• 150 ml of vegetable broth
  •   100 ml of water
  •   20 g of gelatin
  •   salt

My vegetables were cauliflower, broccoli, french beans, red cabbage, carrots and red bell peppers (for color).

Peel the carrots, cut the califlors and broccoli in small pieces, cut into chunks the French beans and steam for 8-10 minutes. I seldom boil my vegetables, I always steam them using the wonderful Chinese basket—I could not live without it! For the timing I check often because a lot depends from individual preference in “crunchiness.

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Steam Mode

Cut the red cabbage in half and then into strips, wash and dry. Same for the Red Bell Pepper.

Soften the gelatine in cold water for 10 minutes and then drain it, and add it to the hot vegetable broth. 

Now prepare either an individual mold or the cups putting on the bottom of the mixture with the gelatin/broth and transfer it/them in the refrigerator for 10 minutes.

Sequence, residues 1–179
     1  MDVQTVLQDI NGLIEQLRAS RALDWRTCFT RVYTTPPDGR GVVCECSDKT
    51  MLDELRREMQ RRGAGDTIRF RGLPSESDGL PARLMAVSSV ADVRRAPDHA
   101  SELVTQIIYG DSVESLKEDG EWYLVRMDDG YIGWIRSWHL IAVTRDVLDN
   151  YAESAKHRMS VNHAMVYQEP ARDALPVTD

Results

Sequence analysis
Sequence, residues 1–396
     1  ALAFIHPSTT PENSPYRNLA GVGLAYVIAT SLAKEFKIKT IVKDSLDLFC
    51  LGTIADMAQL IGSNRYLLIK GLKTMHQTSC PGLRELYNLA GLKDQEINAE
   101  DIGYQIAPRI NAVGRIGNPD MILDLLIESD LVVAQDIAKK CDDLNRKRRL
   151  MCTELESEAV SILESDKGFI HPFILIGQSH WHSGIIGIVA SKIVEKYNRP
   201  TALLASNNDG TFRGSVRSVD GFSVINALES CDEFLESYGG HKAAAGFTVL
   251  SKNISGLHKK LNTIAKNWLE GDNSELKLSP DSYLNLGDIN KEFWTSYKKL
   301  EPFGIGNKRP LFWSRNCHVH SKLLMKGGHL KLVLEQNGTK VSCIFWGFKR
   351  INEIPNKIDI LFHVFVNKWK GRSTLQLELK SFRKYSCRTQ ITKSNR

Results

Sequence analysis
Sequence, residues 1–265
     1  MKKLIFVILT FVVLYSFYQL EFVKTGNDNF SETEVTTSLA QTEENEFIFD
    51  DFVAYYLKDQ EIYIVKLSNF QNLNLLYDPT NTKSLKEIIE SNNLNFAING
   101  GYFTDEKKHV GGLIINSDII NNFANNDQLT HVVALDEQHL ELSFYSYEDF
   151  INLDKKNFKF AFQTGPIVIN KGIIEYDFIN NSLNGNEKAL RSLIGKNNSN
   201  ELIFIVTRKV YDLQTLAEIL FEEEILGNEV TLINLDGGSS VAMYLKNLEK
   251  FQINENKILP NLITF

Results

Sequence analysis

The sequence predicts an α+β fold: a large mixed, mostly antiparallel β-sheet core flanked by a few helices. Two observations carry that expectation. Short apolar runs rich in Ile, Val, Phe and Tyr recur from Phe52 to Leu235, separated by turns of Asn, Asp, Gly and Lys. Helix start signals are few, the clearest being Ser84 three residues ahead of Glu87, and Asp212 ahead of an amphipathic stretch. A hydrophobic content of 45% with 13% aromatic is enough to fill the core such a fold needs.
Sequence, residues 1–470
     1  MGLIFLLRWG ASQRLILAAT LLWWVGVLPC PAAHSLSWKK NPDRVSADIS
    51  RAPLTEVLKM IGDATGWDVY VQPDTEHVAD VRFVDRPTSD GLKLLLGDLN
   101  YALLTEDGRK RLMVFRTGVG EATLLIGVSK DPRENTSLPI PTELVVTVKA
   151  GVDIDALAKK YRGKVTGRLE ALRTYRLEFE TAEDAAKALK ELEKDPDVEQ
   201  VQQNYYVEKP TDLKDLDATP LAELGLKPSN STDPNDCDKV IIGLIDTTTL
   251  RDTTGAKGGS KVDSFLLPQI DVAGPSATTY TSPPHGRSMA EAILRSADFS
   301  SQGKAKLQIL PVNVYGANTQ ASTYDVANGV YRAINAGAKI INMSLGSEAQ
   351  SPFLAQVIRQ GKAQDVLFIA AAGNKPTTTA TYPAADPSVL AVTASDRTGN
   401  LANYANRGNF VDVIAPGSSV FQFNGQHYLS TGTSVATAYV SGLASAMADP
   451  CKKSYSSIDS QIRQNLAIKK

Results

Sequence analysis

Then proceed to add the vegetables according to your preference and/or color. The red cabbage, carrots, French beans, Red Bell Peppers, and all the cruciferous!

It is a preparation that requires patience more than skill, because you need to wait between layers, and keep them in the refrigerator in between. It also needs an overnight in the refrigerator in order to solidify. 

It is a dish that should be prepared a day in advance. But it does look good. I also find that it is a very summery dish. Especially with an addition of shrimps and beer, or cold meat. Prosciutto also comes to mind!

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Pickled (Italian way)

I like to pickle vegetables myself because it is a good way to use of vegetables when in season and avoid wasting. It often happens that we get too many of one thing when the season is right. That happens in summer for zucchini and in winter for the cruciferous! Once selected the vegetables of choice to which I always add carrots for collor, I need the following ingredients:

  • 1 liter of high quality white wine vinegar
  • 1 tablespoon of salt
  • 1 bay leaf